The lead is taken by Dev Patel who we know from The Green Knight, Lion, The Best Exotic Marigold Hotel and Slumdog Millionaire and he lands it quite brilliantly. Armie Hammer is worthy of note too as one of the guests trying to find his wife, daughter and Nanny in the chaos and Anupam Kher as the head chef. The cast all do a terrific job and are very convincing. There are some underdeveloped characters who could have been explored more, but it generally hung together well.

There are also stories unfolding for the viewer amongst the guests - and how the terrorists are treating them and what they plan to do with them. It's all pretty harrowing as we witness first-hand the religious violence, blood and grizzly death doled out left, right and centre. It's shot in a tense, exacting way which gives us an insight into all sides of the story and the people in the mix.

The film hardly ever slows down, it's frantic pace reflecting (presumably) how the events happened, full of fast-moving terror. The effects are convincing and sets look authentic. It's not an easy watch, but it's gripping to the end, quite superbly acted by almost all and shot frantically like all good thrillers. Very highly recommended.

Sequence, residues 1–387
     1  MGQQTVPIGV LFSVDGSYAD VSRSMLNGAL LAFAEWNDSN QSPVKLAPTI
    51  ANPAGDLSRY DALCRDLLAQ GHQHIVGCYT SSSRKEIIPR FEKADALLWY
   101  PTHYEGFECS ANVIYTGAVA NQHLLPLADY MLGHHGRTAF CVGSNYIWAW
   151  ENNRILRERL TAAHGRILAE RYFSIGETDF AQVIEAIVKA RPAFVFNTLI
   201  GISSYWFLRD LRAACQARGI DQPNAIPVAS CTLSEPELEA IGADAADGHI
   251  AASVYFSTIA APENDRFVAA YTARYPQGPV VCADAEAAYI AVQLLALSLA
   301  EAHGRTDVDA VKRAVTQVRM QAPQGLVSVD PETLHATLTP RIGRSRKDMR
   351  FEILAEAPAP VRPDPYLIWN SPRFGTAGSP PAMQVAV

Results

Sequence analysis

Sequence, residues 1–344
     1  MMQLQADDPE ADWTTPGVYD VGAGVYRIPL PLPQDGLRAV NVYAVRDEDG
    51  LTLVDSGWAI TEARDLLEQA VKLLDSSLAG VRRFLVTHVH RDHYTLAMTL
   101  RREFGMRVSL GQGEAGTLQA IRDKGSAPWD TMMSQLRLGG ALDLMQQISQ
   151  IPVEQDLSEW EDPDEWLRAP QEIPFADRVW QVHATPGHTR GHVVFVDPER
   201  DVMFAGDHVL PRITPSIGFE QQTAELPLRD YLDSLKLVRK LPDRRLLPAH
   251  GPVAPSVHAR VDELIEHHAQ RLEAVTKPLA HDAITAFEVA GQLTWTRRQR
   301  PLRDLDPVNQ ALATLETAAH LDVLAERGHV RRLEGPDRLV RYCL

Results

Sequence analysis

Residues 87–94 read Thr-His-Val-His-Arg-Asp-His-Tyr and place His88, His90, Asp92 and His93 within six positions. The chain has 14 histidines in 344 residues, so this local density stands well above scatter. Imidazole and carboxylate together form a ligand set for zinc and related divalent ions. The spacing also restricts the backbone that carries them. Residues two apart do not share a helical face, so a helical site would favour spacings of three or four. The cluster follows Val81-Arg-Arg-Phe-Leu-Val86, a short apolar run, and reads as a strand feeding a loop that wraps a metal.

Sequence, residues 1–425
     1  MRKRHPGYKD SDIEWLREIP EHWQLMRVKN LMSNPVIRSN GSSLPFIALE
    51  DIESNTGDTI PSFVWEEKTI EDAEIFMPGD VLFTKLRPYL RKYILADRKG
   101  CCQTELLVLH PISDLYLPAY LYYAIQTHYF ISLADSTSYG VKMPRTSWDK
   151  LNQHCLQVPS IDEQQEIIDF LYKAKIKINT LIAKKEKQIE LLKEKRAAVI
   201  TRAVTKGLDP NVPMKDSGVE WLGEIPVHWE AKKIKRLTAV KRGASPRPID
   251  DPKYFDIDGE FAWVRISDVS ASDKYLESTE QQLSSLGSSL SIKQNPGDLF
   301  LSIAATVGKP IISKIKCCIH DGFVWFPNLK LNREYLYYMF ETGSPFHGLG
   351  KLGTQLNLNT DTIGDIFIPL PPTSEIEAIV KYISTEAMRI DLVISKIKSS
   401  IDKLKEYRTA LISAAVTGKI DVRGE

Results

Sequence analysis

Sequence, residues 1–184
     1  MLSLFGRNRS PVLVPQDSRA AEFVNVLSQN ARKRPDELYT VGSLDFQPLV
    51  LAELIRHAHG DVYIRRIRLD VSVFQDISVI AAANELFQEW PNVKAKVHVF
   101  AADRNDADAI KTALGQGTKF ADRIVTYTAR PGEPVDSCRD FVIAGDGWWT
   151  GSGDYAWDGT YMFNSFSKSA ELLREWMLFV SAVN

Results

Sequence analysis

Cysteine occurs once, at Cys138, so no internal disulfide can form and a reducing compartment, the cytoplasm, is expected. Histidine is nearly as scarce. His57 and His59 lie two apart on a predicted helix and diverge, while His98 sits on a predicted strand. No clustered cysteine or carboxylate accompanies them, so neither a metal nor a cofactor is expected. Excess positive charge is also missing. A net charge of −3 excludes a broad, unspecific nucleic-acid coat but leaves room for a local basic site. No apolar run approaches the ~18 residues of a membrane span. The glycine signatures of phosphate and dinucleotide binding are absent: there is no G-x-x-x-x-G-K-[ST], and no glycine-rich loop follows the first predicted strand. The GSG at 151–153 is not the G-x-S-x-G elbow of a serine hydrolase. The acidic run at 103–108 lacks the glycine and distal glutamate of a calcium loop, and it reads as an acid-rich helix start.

Tuesday 18 January 2022

Agony (2020)

Original title The Executrix and it's an Italian chiller/thriller/horror/suspense film which I was struggling to make sense of! It's a bit surreal in places and puts you in mind of something arty-farty from Roman Polanski decades ago!

It's about this woman who thought her mother had dies 30 years ago only to be told by a lawyer that she had just died now and she's inherited a huge house and loads of land in Italy. She lives with husband in the USA so we start off in English then morph into Italian and subtitles as the family arrive in Tuscany.

This is when the weird starts as it turns out her mother was possessed by, well, something, which caused her inner demons and ended up with her hanging herself. She had kept her daughter away from the home and pretended to be dead so that the daughter could have a chance of an ordinary life away from the chaos.